NEW ORLEANS - With all the shady activity going on within the fund industry of late, a panel of industry experts here at the Investment Company Institute's Operations Conference warned attendees of another set of criminals: those from outside the industry trying to steal personal information to swindle shareholders.
While identity theft and identity fraud are nothing new to the financial services industry and are commonly associated with credit cards, they are not usually associated with the fund industry, despite its vulnerability. This safe reputation is something the industry has prided itself on. However, as technology has become more widespread in the fund industry, and with the advent of new regulations requiring more complete records of investors' personal information, fund executives have slowly become more aware of the potential threat of high-tech thieves.
In the last five years, 27 million Americans have been the victims of identity theft, whether it was from a criminal taking over an existing account, or posing as the individual to open a new account. In the last year alone, there have been 10 million victims of identity theft, speakers said.
"Identity theft is not going to get any better in the near future," said Daniel T. Steiner, panel moderator and vice president and general counsel of ICI Mutual Insurance Company. "It is something that is happening all over."
The danger for mutual fund companies comes as firms try to provide individual customers with more convenience by offering tools and transactions via the Internet. Nanette Day, acting supervisory agent of the cyber crime squad at the Federal Bureau of Investigation, said that the majority of identity theft cases are via the Internet. And, firms are facilitating this kind of crime in some fashion by sending out unsolicited e-mails to customers. "When you start to send unsolicited e-mails to your customers, you are setting them up for identity fraud," Day said. She said that as customers get used to receiving these e-mails from firms they do business with, they are much more likely to open e-mails from criminals and fall prey to these cyber-predators.
One of the ways in which cyber criminals trap investors into providing personal account information is to send them unsolicited e-mails. The e-mails appear to have been sent by a firm the individual trusts with his or her assets.
One of the speakers suggested using Fidelity purely as an example. Say a perpetrator sends an e-mail containing a link to what appears to be Fidelity's Web site. The victim is unaware of the trap. Instead of being sent to Fidelity's Web site, they arrive at a phony Web site set up by the criminal. There, they are prompted to log in using his or her username and password. Once the individual readily provides this important information, the criminal goes to work transferring funds out of the account from the real site. In many of the cases, the criminals are from countries in Eastern Europe and Asia, Day said, and this makes them harder to catch.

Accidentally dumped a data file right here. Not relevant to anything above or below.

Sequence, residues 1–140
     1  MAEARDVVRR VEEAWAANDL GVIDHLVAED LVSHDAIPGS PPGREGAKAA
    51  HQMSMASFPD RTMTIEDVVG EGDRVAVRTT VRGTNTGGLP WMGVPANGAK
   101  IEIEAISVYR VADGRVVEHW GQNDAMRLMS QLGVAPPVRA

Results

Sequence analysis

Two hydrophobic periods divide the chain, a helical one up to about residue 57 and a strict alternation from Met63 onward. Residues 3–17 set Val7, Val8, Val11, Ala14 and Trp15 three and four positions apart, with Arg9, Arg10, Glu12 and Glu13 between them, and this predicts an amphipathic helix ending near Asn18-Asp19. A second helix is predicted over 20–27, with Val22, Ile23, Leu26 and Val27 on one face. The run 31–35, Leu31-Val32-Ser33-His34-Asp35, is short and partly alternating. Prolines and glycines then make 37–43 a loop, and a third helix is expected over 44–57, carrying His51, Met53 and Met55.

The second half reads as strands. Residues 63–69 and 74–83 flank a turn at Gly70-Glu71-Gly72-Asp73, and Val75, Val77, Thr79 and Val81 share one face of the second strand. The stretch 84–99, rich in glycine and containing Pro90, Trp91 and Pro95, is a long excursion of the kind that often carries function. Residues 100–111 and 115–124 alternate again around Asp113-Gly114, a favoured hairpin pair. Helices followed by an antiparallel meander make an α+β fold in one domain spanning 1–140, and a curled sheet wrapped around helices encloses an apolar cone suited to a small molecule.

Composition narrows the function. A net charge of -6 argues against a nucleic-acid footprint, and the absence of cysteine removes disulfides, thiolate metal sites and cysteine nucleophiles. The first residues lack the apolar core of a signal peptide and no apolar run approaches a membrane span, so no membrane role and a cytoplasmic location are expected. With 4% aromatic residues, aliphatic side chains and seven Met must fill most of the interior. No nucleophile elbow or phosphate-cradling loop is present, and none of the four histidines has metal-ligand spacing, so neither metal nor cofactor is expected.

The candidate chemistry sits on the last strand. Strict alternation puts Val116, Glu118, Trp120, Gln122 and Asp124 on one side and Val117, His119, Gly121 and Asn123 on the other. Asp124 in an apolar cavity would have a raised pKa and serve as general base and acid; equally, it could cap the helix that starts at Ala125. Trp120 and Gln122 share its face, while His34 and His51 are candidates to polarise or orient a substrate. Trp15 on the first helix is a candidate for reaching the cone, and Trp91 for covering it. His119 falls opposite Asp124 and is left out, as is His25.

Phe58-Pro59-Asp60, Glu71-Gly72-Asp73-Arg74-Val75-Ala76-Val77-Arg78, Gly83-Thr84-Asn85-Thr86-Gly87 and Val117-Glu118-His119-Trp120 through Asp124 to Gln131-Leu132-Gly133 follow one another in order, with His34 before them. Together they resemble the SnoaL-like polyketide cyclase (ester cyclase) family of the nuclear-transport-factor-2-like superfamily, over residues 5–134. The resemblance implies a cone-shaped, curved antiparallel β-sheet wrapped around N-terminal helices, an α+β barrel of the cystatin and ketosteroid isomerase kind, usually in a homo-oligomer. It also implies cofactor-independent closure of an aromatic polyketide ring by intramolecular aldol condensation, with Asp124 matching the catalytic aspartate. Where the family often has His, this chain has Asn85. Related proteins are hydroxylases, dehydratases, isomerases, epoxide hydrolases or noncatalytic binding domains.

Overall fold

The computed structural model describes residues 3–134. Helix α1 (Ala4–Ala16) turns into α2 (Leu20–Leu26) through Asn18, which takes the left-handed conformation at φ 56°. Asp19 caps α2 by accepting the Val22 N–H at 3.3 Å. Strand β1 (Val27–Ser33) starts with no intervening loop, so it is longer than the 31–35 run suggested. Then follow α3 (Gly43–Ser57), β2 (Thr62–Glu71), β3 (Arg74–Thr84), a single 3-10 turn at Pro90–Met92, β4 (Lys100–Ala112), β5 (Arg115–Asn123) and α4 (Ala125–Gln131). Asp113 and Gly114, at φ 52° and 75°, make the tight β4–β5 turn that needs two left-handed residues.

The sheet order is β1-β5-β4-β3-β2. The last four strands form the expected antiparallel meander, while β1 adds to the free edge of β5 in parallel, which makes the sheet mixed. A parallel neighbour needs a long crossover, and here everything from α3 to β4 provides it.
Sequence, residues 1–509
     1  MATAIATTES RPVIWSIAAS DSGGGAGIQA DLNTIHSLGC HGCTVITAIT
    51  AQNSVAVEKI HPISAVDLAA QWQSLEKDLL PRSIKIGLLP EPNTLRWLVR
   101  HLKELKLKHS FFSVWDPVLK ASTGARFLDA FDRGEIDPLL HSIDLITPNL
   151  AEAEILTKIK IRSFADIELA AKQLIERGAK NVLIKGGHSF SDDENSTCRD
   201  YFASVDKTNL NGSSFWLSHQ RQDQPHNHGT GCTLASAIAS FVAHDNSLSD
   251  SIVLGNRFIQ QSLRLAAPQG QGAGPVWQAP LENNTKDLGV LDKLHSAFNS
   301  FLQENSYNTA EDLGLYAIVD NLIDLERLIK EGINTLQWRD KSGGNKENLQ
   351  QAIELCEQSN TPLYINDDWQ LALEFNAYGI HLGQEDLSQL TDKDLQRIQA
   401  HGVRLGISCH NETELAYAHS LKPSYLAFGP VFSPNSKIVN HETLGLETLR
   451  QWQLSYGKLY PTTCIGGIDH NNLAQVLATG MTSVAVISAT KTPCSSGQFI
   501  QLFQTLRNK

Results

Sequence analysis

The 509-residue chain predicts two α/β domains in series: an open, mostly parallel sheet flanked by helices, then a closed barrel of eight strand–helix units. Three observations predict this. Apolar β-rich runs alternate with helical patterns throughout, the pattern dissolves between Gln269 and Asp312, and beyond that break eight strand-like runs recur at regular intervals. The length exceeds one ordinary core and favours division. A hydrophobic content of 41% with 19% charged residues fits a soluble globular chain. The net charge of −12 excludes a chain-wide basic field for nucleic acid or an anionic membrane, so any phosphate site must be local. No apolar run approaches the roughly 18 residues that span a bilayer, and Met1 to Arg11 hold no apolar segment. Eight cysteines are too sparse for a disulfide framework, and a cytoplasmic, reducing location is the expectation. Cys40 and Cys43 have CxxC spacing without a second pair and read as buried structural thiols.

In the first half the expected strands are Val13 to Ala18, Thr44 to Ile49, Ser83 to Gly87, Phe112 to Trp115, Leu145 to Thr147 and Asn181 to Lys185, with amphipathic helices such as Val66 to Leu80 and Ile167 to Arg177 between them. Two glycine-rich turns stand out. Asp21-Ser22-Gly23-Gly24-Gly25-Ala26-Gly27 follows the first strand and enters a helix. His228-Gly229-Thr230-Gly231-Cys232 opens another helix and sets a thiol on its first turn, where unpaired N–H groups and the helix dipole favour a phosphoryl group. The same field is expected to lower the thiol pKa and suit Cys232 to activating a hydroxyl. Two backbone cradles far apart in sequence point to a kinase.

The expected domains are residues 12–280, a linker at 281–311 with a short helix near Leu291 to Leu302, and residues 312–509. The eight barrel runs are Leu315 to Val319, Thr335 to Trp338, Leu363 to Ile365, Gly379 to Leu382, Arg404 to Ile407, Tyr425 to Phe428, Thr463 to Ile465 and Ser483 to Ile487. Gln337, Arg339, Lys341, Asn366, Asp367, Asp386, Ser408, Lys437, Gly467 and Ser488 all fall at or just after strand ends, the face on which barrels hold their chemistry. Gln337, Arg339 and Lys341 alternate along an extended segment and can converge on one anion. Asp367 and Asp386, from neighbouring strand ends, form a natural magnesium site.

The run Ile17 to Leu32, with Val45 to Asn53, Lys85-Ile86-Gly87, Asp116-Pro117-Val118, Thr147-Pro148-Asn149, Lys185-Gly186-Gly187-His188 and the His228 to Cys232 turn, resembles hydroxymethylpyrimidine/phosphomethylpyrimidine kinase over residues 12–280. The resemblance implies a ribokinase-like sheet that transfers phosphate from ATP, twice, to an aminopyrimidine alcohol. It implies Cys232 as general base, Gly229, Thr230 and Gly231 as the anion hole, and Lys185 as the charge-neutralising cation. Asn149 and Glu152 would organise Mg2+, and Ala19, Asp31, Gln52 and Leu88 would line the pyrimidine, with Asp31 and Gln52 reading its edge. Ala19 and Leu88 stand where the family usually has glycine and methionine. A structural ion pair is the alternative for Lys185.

Another way is for criminals to place a monitoring, or keystroke, device on a victim's computer via the Internet. This allows the criminal to see what the individual's log in and password are when they stroke the keyboard. This can potentially lead to devastating financial circumstances for the victims because often people use the same user name and password for multiple accounts set up with different financial institutions, including banks and credit cards.
"Once the vital information is obtained by the criminal, it becomes difficult for firms to detect. From a fund's standpoint, [they] have no way of knowing if this is the account holder or [the criminal]," said Mark Rasch, senior vice president at Chief Security Counsel Solutionary Inc.
"I don't think the systems are in place at the fund complexes yet" to deal with a major security breach, said panelist Anthony D'Elia, assistant vice president of Alliance Global Investor Services.
During a separate session, one on anti-money laundering, panelist David Loring, director of compliance for BISYS Fund Services, said that customer verification is a concern for his firm. In fact, he said, earlier this month BISYS uncovered a case of identity theft whereby an individual bought a Social Security number in order to work in this country. While this was not the case of a hardened criminal trying to empty the assets out of someone else's account, it was still a crime, he noted.
Back at the session on identity theft, panelists asked audience members how they would deal with various situations. Needless to say, many in attendance were unsure of what steps to take, such as who is liable for the losses and what firms need to do to prevent cyber theft. All were unsure of what to do should the main database be broken into. Many didn't know if contacting shareholders would be appropriate. In any case, identity theft is an area fund firms clearly need to start paying attention to.
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